The U.S. Supreme Court building in Washington

The United States Supreme Court will not hear a case that asks whether public schools must allow students to use the restroom that matches the gender for which they identify.

Providing no comment, the nation's highest court declined a school board in Gloucester County, Virginia's request to revisit a decision that is currently in favor of Gavin Grimm, a Virginia child who was born female, but changed his name, began taking hormone therapy and is now identifying as male, reports NBC News.

A lengthy legal battle began when the school board adopted a policy saying its restrooms were "limited to the corresponding biological genders" after Grimm's principal had given him permission to use facilities designated for boys.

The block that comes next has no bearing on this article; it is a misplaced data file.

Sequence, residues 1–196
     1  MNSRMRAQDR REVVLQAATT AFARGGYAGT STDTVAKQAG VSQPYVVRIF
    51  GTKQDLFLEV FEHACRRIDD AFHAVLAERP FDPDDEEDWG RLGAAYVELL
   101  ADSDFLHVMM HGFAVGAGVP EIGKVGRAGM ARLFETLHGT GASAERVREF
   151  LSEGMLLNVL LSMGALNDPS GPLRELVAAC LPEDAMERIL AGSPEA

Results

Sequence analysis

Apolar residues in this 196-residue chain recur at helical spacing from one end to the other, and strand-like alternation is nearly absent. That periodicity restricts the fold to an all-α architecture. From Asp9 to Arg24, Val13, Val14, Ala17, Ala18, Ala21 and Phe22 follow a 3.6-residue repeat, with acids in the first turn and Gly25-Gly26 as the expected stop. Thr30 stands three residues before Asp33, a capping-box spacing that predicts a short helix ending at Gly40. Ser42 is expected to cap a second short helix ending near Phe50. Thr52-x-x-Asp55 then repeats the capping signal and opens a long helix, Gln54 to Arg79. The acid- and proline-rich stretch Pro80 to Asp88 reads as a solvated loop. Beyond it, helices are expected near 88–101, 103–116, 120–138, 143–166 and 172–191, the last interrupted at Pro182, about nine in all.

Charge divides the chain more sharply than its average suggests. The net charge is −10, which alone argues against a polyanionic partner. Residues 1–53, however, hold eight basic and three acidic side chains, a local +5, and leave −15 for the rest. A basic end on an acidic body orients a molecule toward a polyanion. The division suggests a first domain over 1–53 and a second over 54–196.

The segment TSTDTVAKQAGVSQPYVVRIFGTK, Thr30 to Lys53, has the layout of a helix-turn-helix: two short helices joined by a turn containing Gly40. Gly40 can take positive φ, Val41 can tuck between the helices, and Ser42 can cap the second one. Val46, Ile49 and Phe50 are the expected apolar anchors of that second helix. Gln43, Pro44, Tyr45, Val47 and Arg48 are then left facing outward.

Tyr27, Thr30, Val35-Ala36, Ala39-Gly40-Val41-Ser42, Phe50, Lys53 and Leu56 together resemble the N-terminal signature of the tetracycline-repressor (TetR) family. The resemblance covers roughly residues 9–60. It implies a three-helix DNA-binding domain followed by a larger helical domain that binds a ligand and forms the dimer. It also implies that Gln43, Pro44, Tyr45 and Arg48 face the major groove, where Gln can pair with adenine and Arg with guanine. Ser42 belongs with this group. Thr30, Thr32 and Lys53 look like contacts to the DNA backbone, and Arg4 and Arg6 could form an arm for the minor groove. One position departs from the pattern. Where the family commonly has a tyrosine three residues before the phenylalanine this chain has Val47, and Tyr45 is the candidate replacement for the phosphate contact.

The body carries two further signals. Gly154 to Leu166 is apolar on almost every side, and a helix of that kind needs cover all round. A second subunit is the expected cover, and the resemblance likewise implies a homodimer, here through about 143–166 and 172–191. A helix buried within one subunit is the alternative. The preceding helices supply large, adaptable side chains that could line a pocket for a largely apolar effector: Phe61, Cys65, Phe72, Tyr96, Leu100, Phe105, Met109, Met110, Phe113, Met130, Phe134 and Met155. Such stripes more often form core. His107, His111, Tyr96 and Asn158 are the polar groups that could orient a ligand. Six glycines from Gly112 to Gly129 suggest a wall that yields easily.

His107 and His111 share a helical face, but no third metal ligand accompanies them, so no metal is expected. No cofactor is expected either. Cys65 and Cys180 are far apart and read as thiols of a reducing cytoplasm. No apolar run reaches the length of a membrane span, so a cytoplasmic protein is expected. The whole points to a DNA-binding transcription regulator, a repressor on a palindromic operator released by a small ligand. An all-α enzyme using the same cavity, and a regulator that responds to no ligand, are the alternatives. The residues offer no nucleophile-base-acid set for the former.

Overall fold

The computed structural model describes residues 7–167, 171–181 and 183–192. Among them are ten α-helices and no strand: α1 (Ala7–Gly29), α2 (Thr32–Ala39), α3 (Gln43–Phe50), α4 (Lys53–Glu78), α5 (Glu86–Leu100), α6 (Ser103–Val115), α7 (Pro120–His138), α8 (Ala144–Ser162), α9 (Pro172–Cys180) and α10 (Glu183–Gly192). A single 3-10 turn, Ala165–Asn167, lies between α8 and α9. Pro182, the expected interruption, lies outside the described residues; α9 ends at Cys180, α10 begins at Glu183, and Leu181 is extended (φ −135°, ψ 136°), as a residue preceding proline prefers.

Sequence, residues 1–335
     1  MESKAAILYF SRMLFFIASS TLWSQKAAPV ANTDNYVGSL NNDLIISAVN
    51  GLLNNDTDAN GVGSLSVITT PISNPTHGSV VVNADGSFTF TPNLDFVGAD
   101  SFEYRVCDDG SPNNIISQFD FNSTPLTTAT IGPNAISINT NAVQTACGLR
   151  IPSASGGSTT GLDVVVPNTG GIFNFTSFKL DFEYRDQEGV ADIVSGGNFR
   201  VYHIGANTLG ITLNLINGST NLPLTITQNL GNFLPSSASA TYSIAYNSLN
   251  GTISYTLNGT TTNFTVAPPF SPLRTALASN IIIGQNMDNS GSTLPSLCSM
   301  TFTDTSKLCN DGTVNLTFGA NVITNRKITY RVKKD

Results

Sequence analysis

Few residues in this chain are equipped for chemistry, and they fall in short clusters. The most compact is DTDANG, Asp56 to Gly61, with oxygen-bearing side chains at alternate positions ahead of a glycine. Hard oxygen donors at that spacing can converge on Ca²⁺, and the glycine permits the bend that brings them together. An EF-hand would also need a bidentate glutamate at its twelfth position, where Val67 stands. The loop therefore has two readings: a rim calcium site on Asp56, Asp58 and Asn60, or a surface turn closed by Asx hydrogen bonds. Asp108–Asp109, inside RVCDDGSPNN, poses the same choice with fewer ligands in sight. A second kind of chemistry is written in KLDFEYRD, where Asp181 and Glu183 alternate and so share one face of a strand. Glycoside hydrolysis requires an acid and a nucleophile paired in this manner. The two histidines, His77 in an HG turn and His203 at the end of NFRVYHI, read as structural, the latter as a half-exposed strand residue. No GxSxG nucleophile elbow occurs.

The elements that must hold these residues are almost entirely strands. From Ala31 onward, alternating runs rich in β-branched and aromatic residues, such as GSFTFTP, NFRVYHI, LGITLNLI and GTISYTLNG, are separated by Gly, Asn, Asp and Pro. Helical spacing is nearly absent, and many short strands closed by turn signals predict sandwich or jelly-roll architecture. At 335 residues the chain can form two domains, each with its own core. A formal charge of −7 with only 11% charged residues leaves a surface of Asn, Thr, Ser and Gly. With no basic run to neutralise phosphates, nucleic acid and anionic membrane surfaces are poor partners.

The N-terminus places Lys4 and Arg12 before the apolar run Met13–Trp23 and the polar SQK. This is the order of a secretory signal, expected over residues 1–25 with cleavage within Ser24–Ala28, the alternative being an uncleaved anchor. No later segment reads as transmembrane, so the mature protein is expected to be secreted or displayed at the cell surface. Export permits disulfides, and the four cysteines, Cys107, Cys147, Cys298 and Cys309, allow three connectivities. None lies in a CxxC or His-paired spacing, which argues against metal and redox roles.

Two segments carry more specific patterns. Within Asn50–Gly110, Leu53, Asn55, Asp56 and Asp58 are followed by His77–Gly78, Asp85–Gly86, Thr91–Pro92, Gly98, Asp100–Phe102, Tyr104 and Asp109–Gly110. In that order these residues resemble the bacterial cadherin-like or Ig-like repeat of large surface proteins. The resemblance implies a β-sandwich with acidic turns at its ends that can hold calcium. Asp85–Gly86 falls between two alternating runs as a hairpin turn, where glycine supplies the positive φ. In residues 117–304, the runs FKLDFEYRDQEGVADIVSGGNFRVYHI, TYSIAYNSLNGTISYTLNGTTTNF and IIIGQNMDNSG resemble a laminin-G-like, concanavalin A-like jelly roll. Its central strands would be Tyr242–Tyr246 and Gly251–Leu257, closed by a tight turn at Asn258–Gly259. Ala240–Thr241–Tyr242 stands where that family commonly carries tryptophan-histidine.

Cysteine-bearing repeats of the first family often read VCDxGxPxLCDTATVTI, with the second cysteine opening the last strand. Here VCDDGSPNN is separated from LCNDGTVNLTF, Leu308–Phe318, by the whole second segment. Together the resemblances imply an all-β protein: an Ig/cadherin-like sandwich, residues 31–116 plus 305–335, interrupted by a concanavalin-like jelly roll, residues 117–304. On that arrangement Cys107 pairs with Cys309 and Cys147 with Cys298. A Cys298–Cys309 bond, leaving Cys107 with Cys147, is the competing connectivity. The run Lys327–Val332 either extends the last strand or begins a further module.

Lower courts had previously sided with Grimm, stating any school receiving federal financial assistance that treats transgender students differently would be in violation of Title IX of the Education Amendments Act of 1972.

The Supreme Court's decision to not hear the case comes soon after the American Civil Liberties Union (ACLU) and ACLU Of Tennessee field a lawsuit in federal court against a new law in the state that will require businesses and other entities that open their facilities to the public and allow transgender people to use the restroom that matches their gender to post a government-prescribed warning sign.